Five countries, three continents, one cardigan!

I have been holding off showing photos of the cardigan I knit for Leah until it actually arrived in Canada.  It is taking forever to get there, however, so here we go.  Unfortunately, Leah is not around to model it (thus the need to ship it to Canada), so I have had to model it myself.


I started knitting this cardigan in England when the girls came home for a short break.  I knit most of the back piece in Sicily where we had a great holiday (see the photo below of me knitting it on the lawn of the beautiful villa we holidayed in).  I knit one front in my hotel in Malaysia, where I had traveled to do some teaching for the business school.  I knit part of the other front in Singapore, where I met up with my friend Erun for some fun.  I knit the sleeves back home in England.  I took it with me to Johannesburg, where I was again doing some teaching for the business school.  I did some of the finishing there, knitting the neck and one of the button bands.  And then I finished it back home again in England, where I agonized over button bands and general finishing issues.  FIVE COUNTRIES, THREE CONTINENTS, ONE CARDIGAN!


I used a pattern from Amy Herzog’s book, Knit to Flatter, with the not very romantic name of Squared Cardigan.  I had purchased 4 skeins of Madelinetosh Pashmina in the colour Plunge, but only needed three to make the cardigan!  (I used every bit of those three skeins.)  I made a few modifications.  First, following Amy’s advice in the book on options for bust shaping, I ended up knitting the two front pieces in a size larger than the back. This gives extra room for the bust and belly without making the cardigan too big across the back and shoulders.  I think this was a good choice.  I won’t really be able to tell until Leah gets to try it on.  I am modelling it here, and Leah and I are close in size, but she is broader in the bust and shorter in the waist than I am.


I also changed the neckline.  Amy’s pattern has a rolled neck, but I put in three rows of seed stitch instead.  Other than these small mods, I knit the pattern as written (how unlike me!).


My biggest problems were with the finishing.  I really struggled with the button bands (as documented here).   I decided to sew ribbon to the backs of the button bands and then to use plastic snap fasteners; the buttons are for decorative purposes only.  I’m not entirely happy with this solution.  Doug thinks it would be better with a zipper, and my mom suggested keeping the decorative buttons, but adding hook-and-eye fasteners (instead of the snaps).  Both of these solutions would be good, probably better than what I ended up doing; but honestly, I was so tired of being undecided and wishy-washy and just wanted to get the thing finished and put it in the post.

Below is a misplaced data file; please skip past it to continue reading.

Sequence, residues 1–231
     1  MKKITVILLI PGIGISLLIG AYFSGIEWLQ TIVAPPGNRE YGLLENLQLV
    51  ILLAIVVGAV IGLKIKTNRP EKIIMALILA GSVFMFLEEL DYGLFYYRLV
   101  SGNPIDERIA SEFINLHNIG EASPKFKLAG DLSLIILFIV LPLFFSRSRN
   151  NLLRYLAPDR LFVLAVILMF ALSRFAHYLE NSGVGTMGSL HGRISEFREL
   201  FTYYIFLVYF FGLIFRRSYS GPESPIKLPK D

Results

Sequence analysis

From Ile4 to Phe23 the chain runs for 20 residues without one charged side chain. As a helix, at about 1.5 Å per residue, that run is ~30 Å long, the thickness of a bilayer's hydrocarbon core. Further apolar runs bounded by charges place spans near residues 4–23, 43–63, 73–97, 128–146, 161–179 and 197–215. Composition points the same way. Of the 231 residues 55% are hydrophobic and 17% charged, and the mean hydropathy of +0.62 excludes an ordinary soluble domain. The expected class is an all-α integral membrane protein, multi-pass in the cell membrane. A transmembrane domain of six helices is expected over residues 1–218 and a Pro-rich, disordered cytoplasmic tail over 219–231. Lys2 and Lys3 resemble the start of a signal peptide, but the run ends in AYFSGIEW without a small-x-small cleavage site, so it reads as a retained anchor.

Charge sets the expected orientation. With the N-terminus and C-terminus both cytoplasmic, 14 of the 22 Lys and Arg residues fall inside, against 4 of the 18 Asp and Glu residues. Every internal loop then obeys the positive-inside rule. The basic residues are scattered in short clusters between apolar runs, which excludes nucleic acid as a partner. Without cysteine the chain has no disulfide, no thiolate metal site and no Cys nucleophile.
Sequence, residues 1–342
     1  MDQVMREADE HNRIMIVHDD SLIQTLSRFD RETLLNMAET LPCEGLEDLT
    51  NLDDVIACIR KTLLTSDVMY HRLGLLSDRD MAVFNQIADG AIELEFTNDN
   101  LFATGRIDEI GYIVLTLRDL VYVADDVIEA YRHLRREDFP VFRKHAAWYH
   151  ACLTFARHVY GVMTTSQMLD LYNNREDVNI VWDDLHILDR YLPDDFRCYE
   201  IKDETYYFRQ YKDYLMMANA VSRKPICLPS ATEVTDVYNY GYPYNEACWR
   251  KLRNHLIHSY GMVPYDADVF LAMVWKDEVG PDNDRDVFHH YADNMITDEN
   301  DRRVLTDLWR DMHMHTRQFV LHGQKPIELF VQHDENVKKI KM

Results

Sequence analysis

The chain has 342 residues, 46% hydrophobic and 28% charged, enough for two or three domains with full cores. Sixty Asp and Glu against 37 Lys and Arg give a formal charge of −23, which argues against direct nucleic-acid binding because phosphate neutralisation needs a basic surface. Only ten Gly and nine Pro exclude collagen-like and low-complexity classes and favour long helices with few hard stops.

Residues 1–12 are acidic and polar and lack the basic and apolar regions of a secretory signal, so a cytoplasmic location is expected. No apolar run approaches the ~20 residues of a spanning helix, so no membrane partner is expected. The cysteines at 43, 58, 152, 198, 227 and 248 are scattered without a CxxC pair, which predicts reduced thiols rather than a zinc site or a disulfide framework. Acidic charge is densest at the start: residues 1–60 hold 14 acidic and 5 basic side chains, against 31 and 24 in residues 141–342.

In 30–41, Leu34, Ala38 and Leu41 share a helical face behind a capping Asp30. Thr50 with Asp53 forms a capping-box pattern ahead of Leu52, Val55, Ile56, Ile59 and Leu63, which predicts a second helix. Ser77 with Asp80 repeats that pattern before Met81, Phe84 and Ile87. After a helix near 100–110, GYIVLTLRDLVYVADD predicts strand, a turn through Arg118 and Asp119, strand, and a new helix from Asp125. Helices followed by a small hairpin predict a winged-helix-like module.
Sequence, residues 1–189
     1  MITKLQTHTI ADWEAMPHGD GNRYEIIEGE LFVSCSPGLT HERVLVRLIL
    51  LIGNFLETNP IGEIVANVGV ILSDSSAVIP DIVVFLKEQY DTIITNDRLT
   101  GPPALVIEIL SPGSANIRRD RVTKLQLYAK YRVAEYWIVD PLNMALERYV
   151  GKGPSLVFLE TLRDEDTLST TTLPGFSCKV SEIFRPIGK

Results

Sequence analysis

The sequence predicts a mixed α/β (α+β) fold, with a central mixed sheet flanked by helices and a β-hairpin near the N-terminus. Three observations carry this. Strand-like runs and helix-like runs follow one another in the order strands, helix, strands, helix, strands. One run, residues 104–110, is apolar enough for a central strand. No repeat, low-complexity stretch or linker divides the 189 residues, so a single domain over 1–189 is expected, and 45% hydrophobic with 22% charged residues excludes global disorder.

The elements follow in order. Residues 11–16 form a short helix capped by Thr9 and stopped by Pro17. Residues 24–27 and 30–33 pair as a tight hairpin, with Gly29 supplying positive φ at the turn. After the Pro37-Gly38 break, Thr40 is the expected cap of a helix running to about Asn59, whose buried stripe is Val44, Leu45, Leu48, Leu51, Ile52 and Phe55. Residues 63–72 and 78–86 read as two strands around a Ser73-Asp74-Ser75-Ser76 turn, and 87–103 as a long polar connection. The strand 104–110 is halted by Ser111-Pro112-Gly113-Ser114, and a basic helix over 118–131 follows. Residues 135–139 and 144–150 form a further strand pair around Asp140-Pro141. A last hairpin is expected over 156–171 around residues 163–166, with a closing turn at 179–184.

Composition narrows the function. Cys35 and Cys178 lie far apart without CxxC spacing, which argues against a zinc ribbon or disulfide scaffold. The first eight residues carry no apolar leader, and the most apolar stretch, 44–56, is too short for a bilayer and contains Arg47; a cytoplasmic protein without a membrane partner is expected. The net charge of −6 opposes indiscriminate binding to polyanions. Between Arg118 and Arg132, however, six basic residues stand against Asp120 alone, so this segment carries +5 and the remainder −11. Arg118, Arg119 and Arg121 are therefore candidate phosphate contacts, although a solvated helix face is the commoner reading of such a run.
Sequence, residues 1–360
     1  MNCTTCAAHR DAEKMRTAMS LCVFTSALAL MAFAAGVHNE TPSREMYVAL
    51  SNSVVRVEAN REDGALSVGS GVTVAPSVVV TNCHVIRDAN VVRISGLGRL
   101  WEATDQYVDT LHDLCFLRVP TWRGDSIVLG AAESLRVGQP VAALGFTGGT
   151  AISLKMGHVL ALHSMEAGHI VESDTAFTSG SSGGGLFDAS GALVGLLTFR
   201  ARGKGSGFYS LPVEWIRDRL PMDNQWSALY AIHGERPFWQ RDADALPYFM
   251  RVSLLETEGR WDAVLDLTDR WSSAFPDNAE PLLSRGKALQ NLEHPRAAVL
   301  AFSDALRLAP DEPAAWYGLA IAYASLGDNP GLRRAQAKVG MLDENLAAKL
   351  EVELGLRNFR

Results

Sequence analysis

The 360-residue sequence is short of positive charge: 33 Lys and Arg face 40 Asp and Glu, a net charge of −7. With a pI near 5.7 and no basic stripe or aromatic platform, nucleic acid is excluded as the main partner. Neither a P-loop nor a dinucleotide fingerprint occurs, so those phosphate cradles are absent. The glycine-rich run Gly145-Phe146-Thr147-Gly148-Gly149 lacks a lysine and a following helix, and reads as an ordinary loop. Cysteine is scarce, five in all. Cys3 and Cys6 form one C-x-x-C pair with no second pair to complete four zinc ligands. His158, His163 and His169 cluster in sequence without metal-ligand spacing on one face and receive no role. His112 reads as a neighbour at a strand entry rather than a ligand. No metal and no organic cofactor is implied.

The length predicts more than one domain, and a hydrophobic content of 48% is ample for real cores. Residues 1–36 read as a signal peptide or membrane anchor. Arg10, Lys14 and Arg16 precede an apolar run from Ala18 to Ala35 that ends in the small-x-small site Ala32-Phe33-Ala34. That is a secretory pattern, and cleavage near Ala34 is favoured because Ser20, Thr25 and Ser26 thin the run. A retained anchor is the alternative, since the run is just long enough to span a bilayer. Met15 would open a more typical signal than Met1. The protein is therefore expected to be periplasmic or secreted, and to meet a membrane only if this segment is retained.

One of the things that makes this cardigan distinctive is the textured pattern on the cuffs and waistband and the way that it curves.  I found this to be very fiddly.  I think that it looks pretty but I don’t feel it was worth the time and effort.  If I made this again, I would just put in ribbing, or better yet, seed stitch.


The yarn is beautiful, but I did feel that there was a big colour difference between some of the skeins; in particular, the back is a noticeably different shade than the fronts and sleeves.  I could have fixed this by alternating skeins, but I really didn’t want to do that, especially since I was lugging this thing around the world with me and knitting it on planes and in airports.  I also worry that the yarn has too much drape for this cardigan.  If I were to knit it again, I would use a yarn with more wool content and less silk.  I would also make the neckline higher by an inch or two.


So, the conclusion is mixed.  I think it is very pretty; the yarn is lustrous, and the buttons and ribbon are a perfect match.  But, I have some niggling issues with the finishing.  I think, for me, I will chalk it up as a learning experience.  Hopefully, for Leah, it will be a lovely summer dressing option and will get lots of wear.